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Examiner
  • 100 Years Ago

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  • The following items were taken from the Dec. 21 through 27, 1913, Examiner.
    * Preliminary arrangements are being made for the organization of a new bank at Sibley. The capital stock will be $10,000, and practically all the stock has been subscribed. The stationery and a new safe have been ordered, and it is the expectation of stockholders to have the bank open for business about the first week in January.
    * There is an unprecedented rush of package business at the post office. Nothing like such a tidal wade of Christmas packages, it is safe to say, was ever seen at the post office before. This is due, mainly, to the establishment of the parcels post system during the past year. Last Christmas you could not send by mail a package weighing more than 4 pounds, now you can send packages weighing up to 50 pounds.
    * The fame of Independence as an o’possum center, owing to the five consecutive annual o’possum hunts and dinners, has spread from sea to sea. From Kern County, Cal., there came a letter addressed to the “Secretary of the Board of Trade,” Independence, Mo. There being no such functionary in this town, the letter was turned over to E.C. Herrington, secretary of the Commercial Club. The letter said: Do “possums” come under your jurisdiction? If so will you please hand this to some one who will let me know if they will ship me two “possum” by express, C.O.D. A prompt answer requested.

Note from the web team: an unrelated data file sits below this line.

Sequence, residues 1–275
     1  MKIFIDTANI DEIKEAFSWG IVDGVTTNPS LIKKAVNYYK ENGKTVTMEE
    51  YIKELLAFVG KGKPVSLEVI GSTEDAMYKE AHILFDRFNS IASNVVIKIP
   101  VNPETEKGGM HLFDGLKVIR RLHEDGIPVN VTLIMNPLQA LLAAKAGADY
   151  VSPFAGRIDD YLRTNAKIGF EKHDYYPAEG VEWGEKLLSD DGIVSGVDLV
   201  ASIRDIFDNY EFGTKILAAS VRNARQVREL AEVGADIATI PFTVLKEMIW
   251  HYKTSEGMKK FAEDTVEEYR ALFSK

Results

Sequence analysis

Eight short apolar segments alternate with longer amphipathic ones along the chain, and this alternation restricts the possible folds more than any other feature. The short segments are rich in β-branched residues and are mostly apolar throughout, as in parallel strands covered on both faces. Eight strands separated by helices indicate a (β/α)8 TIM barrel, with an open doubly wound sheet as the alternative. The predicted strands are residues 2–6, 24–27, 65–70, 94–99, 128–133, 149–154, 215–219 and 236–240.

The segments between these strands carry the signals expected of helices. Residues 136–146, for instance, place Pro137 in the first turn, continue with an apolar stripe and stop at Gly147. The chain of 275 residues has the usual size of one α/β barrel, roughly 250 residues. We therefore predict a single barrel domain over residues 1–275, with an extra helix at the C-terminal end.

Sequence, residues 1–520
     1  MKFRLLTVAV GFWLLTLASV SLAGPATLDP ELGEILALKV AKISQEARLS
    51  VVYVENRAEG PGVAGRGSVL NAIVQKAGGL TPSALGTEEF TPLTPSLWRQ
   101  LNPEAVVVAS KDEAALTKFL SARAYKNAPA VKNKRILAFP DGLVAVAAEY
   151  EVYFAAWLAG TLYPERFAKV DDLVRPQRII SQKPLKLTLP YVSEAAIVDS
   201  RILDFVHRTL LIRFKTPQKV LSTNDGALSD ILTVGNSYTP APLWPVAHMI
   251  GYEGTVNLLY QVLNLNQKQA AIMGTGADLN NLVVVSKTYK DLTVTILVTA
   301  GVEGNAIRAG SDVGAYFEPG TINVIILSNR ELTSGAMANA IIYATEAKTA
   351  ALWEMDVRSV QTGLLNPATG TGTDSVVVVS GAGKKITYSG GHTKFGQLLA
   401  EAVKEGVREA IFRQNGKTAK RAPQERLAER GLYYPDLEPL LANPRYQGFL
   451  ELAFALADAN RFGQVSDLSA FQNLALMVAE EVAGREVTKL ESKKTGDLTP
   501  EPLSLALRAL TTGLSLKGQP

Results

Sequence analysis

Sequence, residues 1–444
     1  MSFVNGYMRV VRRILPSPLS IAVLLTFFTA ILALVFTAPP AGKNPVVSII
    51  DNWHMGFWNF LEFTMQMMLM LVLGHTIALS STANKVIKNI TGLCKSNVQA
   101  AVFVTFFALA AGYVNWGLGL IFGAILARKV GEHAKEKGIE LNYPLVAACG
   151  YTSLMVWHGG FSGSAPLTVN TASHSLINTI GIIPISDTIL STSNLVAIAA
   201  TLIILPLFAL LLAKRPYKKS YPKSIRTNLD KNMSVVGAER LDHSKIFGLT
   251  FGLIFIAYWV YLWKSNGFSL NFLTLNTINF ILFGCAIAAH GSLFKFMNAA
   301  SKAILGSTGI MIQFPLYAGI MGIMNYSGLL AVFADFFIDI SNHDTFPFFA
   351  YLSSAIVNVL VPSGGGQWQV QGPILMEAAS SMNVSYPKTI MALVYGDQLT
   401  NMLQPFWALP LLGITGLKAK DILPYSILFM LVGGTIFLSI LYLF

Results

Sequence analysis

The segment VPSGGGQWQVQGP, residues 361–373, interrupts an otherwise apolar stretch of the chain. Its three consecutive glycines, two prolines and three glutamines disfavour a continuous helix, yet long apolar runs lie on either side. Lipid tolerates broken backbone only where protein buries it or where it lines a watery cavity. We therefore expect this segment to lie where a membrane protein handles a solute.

* It was decided that the city of Independence has no right to sell a tree that may be standing in a public street, even if the city is badly in need of cash, and the tree is very much desired by buyers of logs. The matter started a week ago when Councilman William Peters told the council that an Independence buyer of logs had offered to buy the tree if the city would sell it.
    – Jillayne Ritchie

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